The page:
I have been looking forward to the new season of Doctor Who with some trepidation. I haven’t been happy with Moffat’s showrunning these last few seasons, and really hated Eleven’s finale, Time of the Doctor. So, I’ve been worried about how the introduction of the new Doctor, played by well-known British actor Peter Capaldi would go. There were little bits of hope coming up from behind the scenes, such as Capaldi putting the squash on any romance with his Doctor and any companions. But still Moffat was writing the first episode, and that gave me reason to worry.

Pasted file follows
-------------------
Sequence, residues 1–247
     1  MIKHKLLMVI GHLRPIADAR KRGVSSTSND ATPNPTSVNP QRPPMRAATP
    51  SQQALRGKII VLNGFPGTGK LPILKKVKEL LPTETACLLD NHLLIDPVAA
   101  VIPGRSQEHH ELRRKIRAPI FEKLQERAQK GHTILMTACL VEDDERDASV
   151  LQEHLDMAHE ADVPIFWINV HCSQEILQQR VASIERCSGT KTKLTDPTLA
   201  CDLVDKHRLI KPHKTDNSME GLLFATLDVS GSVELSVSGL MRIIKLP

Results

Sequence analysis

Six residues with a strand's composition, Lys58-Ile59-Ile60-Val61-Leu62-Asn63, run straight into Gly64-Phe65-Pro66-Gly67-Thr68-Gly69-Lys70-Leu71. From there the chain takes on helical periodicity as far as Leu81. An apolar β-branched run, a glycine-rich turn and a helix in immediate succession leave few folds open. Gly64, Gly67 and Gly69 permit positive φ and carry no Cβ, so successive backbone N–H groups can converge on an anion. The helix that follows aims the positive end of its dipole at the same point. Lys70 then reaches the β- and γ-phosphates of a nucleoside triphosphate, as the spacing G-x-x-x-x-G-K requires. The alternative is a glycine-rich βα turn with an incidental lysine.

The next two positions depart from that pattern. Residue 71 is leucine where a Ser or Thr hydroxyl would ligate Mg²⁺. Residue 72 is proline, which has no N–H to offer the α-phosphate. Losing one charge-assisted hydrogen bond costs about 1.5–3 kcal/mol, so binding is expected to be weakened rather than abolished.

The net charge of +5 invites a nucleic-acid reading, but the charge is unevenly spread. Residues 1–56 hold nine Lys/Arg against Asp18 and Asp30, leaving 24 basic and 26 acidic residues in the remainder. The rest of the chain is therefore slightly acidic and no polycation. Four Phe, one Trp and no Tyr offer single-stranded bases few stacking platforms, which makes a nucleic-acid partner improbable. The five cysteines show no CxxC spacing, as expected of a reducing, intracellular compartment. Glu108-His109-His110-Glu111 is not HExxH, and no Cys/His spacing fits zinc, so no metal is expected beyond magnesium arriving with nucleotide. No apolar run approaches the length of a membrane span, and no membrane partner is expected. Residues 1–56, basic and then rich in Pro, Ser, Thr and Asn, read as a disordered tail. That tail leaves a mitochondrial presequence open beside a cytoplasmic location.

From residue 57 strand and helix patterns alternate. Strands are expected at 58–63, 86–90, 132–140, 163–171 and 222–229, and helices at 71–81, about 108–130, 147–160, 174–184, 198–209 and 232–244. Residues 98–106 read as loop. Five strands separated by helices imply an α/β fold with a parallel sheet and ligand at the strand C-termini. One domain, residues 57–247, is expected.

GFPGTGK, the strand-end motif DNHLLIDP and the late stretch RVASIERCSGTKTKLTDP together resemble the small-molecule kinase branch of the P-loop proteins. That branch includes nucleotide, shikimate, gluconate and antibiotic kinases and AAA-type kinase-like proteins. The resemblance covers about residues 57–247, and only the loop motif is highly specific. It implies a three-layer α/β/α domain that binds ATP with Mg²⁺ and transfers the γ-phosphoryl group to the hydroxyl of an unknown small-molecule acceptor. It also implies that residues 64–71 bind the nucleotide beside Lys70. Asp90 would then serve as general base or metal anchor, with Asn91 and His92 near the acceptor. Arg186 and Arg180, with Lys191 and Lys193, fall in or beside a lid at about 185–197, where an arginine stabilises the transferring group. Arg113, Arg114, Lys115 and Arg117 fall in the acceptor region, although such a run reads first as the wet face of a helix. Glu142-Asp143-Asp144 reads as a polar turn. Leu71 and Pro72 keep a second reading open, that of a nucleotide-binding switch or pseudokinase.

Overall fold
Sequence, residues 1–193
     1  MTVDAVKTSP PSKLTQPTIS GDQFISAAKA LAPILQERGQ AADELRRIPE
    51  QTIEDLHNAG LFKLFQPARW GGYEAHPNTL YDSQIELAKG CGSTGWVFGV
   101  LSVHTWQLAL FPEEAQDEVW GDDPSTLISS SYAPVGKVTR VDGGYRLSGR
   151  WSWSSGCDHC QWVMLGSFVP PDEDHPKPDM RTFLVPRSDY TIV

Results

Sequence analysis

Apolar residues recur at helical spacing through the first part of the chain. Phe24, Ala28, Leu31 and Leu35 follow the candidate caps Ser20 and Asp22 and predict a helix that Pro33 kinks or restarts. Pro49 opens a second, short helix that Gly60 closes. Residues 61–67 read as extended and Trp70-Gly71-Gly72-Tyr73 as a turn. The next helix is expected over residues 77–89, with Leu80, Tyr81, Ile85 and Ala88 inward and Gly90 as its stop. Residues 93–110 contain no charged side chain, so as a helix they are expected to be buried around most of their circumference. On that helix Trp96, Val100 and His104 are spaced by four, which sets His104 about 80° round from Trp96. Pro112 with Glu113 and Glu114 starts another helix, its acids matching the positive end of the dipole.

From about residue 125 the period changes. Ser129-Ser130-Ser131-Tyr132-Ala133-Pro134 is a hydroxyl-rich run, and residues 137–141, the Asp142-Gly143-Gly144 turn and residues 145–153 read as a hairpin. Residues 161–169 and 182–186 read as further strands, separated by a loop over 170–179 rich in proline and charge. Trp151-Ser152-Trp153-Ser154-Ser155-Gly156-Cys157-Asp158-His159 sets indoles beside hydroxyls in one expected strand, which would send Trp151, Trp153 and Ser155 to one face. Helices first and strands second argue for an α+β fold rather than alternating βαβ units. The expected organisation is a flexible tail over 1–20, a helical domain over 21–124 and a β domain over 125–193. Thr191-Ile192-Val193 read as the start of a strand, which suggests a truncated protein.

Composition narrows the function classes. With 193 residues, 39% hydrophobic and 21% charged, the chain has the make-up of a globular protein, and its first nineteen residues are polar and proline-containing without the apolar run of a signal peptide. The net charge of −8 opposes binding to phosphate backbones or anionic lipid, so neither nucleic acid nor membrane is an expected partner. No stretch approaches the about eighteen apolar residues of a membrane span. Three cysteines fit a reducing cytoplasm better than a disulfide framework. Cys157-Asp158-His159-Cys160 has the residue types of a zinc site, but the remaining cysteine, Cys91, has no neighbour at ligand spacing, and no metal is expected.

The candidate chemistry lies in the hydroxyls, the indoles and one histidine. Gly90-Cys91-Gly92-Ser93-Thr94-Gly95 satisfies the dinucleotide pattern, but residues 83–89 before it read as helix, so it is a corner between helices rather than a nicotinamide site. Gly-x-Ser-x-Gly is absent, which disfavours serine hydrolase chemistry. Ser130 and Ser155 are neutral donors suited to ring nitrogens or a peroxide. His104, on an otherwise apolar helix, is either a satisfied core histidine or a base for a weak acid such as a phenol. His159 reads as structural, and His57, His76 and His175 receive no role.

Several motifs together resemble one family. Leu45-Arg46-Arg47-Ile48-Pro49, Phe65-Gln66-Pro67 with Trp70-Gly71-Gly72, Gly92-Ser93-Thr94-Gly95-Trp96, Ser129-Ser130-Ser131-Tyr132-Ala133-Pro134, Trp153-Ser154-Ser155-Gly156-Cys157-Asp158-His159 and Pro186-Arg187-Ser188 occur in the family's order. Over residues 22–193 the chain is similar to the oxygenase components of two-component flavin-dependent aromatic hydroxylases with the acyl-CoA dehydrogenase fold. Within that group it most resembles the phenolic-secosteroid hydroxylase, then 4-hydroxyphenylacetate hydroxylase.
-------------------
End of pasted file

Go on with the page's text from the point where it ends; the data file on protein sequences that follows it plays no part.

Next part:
And sadly, my some of my fears came to fruition. I’ve complained before about Moffat’s sloppy writing and it comes back in full force in this episode. He throws in ideas from previous episodes like gimmicks to draw in viewers; Dinosaurs, the clockwork robots, the “Don’t” warning, and the Paternoster Gang. I did like Eleven’s fascination with dinosaurs, but throwing an impossibly big dinosaur into the middle of Victorian London just so is can be killed as a plot device was not good. I did like the potential the return of the clockwork robots showed, but it was squandered as they were reduced to Weeping Angel wannabes with the Doctor’s warning “Don’t breathe.” I loved the idea of the Paternoster Gang when they were first introduced and would have loved to have seen them in their own series, solving their own mysteries. Instead they have also become overplayed and outstayed their welcome. While Strax can be a one-trick pony, it is still a funny trick, and I don’t mind it. I did like the newspaper in the face he gave Clara. Jenny and Vastra have been the token alternate lifestyle couple. Every time they show up, we get beaten over the head how they are two women married to each other in Victorian England. Right. Got it. It was revolutionary! But it’s not today. I would really like to have their relationship shown to us, rather than constantly telling us how great it is.